I want my website to allow users to accurately create their own clips from a source video I provide.

I have a source video file that I first want to convert to something suitable for a website:

Input #0, matroska,webm, from 'source.mkv': 
Duration: 00:28:18.57, start: 0.000000, bitrate: 10183 kb/s 
Stream #0:0: Video: h264 (Constrained Baseline), yuv420p, 1920x1080 [SAR 1:1 DAR 16:9], 23.98 fps, 23.98 tbr, 1k tbn, 48 tbc (default)
Stream #0:1: Audio: mp3, 44100 Hz, stereo, s16, 128 kb/s (default)

I use ffmpeg to convert it like so:

ffmpeg -i source.mkv -c:v libx264 -c:a aac -strict experimental -vf scale="960:-1" source.mp4

Watching this video back it is good enough quality and small enough file size for my needs, and loads/plays on my website.

I have a webpage that lets users select a start and endpoint on this video - and create a clip. Here's an example of the ffmpeg command that I use for that:

-ss 577.920 -i source.mp4 -t 011.980 -codec:v copy -codec:a copy -vf scale="960:-1" clip1.mp4

The problem is the clip is not always time-accurate enough. Usually the audio is accurate enough but the video stops half a second early or something.

Is there any way to make this accurate and in-sync to say, 0.2 of a second?

EDIT: Adding -force_key_frames 00:00:00.2 didn't help.

EDIT: I changed the clipping to use -c:v libx264 -c:a aac -strict experimental instead of -codec:v copy -codec:a copy with good (ish) results.

The file can play externally without issue - but when I load it into my html5 video element and play it - the last part of the video (audio is fine) freezes. The last part that freezes is less than a second long.

Should I try it with another video encoder? What is the best alternative for libx264? Bearing in mind I will probably want this to be on a public website.

But hang on doesn't the fact that it plays accurately without issue with a player like MPC or Windows Media Player suggest that it is a problem with either Google Chrome or the HTML video element? Or am I using an unsupported encoding or something?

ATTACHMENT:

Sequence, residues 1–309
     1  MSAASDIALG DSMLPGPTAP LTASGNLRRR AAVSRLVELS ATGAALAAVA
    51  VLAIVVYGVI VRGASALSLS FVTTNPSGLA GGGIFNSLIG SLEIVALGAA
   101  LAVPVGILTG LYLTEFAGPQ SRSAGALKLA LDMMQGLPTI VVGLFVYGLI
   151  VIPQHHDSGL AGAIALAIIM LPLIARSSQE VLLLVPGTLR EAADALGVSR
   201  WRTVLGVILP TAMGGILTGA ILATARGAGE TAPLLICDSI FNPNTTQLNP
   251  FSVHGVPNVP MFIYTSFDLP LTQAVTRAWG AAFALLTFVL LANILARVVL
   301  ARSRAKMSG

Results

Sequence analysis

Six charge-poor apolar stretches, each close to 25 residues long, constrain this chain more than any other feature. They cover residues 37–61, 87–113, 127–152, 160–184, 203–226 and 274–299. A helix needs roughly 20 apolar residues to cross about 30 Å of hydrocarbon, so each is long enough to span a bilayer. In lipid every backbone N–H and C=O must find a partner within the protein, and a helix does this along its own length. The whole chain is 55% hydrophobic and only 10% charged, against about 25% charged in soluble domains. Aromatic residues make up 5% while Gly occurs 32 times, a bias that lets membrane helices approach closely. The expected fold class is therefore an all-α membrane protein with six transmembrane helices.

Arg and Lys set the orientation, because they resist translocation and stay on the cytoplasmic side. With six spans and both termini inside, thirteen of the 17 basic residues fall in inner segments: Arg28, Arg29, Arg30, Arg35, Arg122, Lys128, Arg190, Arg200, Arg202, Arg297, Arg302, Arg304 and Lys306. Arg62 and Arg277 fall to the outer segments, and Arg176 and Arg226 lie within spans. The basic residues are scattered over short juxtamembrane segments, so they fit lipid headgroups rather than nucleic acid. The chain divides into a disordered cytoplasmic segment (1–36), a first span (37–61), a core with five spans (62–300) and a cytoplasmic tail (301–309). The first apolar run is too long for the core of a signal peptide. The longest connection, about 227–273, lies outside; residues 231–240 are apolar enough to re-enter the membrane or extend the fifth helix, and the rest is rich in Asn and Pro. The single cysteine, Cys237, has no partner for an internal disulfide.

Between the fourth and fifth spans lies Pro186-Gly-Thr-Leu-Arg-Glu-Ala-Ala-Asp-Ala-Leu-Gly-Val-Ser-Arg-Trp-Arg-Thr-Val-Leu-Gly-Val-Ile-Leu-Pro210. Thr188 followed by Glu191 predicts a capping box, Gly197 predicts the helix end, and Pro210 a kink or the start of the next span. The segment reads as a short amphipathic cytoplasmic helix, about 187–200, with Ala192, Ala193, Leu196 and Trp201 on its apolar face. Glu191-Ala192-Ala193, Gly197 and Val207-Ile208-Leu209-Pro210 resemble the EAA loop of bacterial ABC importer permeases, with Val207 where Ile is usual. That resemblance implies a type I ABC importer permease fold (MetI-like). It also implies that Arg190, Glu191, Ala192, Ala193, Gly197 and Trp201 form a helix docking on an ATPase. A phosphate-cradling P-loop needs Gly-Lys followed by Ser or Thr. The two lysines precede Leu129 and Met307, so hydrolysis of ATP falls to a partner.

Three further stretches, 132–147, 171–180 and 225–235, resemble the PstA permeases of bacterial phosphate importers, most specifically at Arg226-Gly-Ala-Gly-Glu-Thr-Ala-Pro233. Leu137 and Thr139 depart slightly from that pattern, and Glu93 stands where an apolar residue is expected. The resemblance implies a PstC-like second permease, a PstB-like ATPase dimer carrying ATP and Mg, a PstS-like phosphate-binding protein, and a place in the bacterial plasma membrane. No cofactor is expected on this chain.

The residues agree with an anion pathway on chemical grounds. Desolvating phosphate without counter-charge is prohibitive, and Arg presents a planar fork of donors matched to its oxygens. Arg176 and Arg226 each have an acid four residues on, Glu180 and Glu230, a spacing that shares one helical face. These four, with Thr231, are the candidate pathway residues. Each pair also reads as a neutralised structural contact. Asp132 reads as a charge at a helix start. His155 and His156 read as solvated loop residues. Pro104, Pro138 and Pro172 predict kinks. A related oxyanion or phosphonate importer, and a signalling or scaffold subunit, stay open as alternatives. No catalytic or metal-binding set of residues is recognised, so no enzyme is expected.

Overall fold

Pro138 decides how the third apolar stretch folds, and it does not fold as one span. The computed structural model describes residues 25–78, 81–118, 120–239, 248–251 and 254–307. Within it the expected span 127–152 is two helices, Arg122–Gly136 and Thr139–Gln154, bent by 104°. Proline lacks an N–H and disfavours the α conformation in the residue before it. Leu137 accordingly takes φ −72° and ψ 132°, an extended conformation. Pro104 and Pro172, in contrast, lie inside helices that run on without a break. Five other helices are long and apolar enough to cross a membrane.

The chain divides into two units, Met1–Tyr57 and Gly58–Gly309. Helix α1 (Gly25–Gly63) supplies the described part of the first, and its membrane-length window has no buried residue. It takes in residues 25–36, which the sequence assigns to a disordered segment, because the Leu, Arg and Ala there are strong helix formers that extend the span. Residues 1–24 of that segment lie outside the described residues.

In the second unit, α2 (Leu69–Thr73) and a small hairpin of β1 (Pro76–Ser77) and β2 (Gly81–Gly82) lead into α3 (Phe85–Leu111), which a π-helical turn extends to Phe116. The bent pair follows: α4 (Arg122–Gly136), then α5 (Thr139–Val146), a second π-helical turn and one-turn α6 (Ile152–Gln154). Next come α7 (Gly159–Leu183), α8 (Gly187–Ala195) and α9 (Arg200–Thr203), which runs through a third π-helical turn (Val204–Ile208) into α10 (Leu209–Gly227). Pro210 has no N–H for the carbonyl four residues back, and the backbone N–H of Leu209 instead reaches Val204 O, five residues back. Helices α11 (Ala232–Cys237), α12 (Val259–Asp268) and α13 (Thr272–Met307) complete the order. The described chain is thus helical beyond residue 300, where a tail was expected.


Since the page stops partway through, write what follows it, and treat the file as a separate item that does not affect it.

• This might have to do with the timing of key frames. In any case, this should be moved to SuperUser.com. – Brad Nov 3 '12 at 19:58
  • Hi, ffmpeg can't cut the video at any point, it only can cut on keyframes; for this reason audio is almost precise, while video isn't. – Andrea Nov 3 '12 at 19:59
  • Can I move it myself? I will try adding key frames to the source file with -force_key_frames 00:00:00.2 – Pete Oakey Nov 3 '12 at 20:11

The behavior of -ss changes depending if it used as an input or output option, and is often slower but can be more accurate when used as an output option. See the answer to ffmpeg converts video from specified time period slowly for more details and examples.

To change output quality for source.mp4 use the -crf option with a value between 18-28 (23 is default). See the CRF section of the FFmpeg and x264 Encoding Guide for examples.

Your trimming command can be simplified:

ffmpeg -ss 577.92 -i source.mp4 -ss 0 -t 11.98 -c copy -map 0 clip1.mp4

I replaced -codec:v copy -codec:a copy with -c copy -map 0. This will copy all streams instead of just the first video and audio streams--although the input only has two streams due to your previous command. Since you can not scale without re-encoding, therefore being mutually exclusive with -codec:v copy, and since your input is already scaled to the set size I removed the filter options.

If it is still not accurate enough then try:

ffmpeg -i source.mp4 -ss 577.92 -t 11.98 -c copy -map 0 clip1.mp4

It will be slower, but probably more accurate. See the links in the answer in the first link I provided for a description of the differences of these two examples.

Lastly, you should run source.mp4 through qt-faststart (located in the tools directory in ffmpeg source), or use the -movflags faststart option. This will relocate some data to the beginning of the file so it can begin playback before it is completely downloaded.

  • +1 for the tips but I tried ffmpeg -i source.mp4 -ss 577.92 -t 011.980 -c copy -map 0 clip1.mp4 but the first part (almost a second) and last part (maybe quarter of a second) of the video is missed, audio is fine though. – Pete Oakey Nov 3 '12 at 22:13
  • @PeteOakey Have you tried cutting without bitstream copy, but actual re-encoding? – slhck Nov 7 '12 at 8:06
  • Tried it without bitstream copy - results appended to my question. – Pete Oakey Nov 8 '12 at 21:15
  • 3
    Using -ss as output option instead of input option fixed my problem: the first video frame was around 1s in the output video, with only audio before that (also confirmed by ffprobe -show_frames). Moving -ss after -i made it output audio and video frames starting at frame 0. – CodeManX May 3 '18 at 9:13

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